New National Security Adviser John Bolton(R) listens to US President Donald Trump speak during a cabinet meeting at the White House in Washington, DC, on April 9, 2018.
President Donald Trump said Monday that "major decisions" would be made on a Syria response in the next day or two, after warning that Damascus would have a "big price to pay" over an alleged chemical attack on a rebel-held town.Trump condemned what he called a "heinous attack on innocent" Syrians in Douma, as he opened a cabinet meeting at the White House. 
 / AFP PHOTO / NICHOLAS KAMM        (Photo credit should read NICHOLAS KAMM/AFP/Getty Images)
NICHOLAS KAMM/AFP/Getty Images
New National Security Adviser John Bolton(R) listens to US President Donald Trump speak during a cabinet meeting at the White House in Washington, DC, on April 9, 2018. President Donald Trump said Monday that "major decisions" would be made on a Syria response in the next day or two, after warning that Damascus would have a "big price to pay" over an alleged chemical attack on a rebel-held town.Trump condemned what he called a "heinous attack on innocent" Syrians in Douma, as he opened a cabinet meeting at the White House. / AFP PHOTO / NICHOLAS KAMM (Photo credit should read NICHOLAS KAMM/AFP/Getty Images)
Now playing
03:05
Bolton: US will impose all pre-deal Iran sanctions
Iranian women chant slogans during an anti-US demonstration outside the former US embassy headquarters in the capital Tehran on May 9, 2018. - Iranians reacted with a mix of sadness, resignation and defiance on May 9 to US President Donald Trump's withdrawal from the nuclear deal, with sharp divisions among officials on how best to respond.
For many, Trump's decision on Tuesday to pull out of the landmark nuclear deal marked the final death knell for the hope created when it was signed in 2015 that Iran might finally escape decades of isolation and US hostility. (Photo by ATTA KENARE / AFP)        (Photo credit should read ATTA KENARE/AFP/Getty Images)
ATTA KENARE/AFP/AFP/Getty Images
Iranian women chant slogans during an anti-US demonstration outside the former US embassy headquarters in the capital Tehran on May 9, 2018. - Iranians reacted with a mix of sadness, resignation and defiance on May 9 to US President Donald Trump's withdrawal from the nuclear deal, with sharp divisions among officials on how best to respond. For many, Trump's decision on Tuesday to pull out of the landmark nuclear deal marked the final death knell for the hope created when it was signed in 2015 that Iran might finally escape decades of isolation and US hostility. (Photo by ATTA KENARE / AFP) (Photo credit should read ATTA KENARE/AFP/Getty Images)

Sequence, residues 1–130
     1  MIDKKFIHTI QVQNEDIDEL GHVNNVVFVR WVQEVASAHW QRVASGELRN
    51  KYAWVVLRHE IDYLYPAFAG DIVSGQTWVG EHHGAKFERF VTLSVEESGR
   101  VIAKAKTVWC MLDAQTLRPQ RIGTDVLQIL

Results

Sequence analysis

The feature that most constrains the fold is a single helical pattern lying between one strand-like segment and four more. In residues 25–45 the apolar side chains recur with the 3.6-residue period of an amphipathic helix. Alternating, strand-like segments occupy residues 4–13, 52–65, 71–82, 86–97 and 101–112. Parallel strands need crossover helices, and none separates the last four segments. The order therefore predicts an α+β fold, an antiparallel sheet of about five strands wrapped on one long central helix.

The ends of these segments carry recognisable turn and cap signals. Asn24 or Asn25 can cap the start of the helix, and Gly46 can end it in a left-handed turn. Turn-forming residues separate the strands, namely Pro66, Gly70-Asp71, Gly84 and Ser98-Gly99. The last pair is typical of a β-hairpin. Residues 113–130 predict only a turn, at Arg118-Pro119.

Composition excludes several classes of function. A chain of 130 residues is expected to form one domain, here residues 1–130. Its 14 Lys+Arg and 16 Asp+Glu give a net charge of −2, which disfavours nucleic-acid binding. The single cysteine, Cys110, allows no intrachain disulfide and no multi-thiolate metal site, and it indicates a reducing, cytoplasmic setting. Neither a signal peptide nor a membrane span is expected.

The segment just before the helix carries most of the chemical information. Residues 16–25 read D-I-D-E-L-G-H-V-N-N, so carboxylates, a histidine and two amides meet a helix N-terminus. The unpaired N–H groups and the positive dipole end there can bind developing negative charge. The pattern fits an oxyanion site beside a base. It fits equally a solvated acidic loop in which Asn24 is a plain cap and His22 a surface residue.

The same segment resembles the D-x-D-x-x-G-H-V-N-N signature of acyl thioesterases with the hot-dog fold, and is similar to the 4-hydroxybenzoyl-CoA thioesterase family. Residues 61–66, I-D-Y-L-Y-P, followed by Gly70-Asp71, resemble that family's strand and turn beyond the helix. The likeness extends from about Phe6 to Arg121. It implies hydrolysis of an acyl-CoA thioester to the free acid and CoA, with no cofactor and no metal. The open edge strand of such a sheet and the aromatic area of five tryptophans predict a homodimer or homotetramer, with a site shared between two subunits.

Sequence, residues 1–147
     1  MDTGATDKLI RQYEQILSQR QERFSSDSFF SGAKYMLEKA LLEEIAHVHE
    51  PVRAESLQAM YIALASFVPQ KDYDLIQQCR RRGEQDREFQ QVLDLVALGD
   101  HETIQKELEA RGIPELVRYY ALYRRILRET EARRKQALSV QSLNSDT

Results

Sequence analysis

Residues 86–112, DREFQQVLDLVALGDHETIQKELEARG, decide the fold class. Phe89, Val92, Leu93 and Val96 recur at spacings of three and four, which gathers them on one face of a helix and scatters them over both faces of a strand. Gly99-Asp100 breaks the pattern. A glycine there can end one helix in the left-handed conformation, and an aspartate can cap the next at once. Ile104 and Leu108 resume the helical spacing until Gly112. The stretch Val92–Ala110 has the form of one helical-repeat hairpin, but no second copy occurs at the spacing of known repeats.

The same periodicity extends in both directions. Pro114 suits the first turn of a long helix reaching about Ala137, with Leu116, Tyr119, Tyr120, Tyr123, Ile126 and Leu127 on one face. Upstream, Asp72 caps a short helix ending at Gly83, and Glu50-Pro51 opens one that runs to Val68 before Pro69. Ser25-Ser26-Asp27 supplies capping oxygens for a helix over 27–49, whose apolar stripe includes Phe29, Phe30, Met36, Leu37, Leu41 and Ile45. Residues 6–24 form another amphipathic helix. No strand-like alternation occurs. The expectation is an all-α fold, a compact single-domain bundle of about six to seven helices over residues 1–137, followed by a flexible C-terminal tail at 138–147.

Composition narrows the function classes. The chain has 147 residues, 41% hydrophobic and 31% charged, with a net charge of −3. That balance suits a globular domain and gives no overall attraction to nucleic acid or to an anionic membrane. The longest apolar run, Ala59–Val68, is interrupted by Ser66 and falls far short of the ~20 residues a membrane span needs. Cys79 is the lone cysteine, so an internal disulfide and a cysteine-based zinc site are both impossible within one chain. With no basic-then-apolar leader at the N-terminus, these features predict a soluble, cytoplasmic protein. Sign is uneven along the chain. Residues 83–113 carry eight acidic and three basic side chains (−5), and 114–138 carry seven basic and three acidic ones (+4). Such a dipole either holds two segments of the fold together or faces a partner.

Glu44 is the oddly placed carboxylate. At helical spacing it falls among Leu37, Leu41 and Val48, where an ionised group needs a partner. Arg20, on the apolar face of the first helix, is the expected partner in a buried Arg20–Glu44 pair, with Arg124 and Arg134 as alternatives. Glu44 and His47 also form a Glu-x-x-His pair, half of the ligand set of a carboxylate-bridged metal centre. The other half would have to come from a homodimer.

Now playing
01:39
How will US pulling out of deal impact Iranians?
CNN
Now playing
01:07
Trump announces withdrawal from Iran deal
Photo Illustration: Getty/Shutterstock/CNNMoney
Now playing
01:55
Breaking down Trump's decision to leave the Iran deal
Iranian lawmakers burn two pieces of papers representing the U.S. flag and the nuclear deal as they chant slogans against the U.S. at the parliament in Tehran, Iran, Wednesday, May 9, 2018. Iranian lawmakers have set a paper U.S. flag ablaze at parliament after President Donald Trump's nuclear deal pullout, shouting, "Death to America!". President Donald Trump withdrew the U.S. from the deal on Tuesday and restored harsh sanctions against Iran. (AP Photo)
AP
Iranian lawmakers burn two pieces of papers representing the U.S. flag and the nuclear deal as they chant slogans against the U.S. at the parliament in Tehran, Iran, Wednesday, May 9, 2018. Iranian lawmakers have set a paper U.S. flag ablaze at parliament after President Donald Trump's nuclear deal pullout, shouting, "Death to America!". President Donald Trump withdrew the U.S. from the deal on Tuesday and restored harsh sanctions against Iran. (AP Photo)
Now playing
00:38
Watch: US flag set alight in Iran's parliament
France Nuclear Fallout_00005926.jpg
France Nuclear Fallout_00005926.jpg
Now playing
02:59
Renewed Iran sanctions may hurt France as well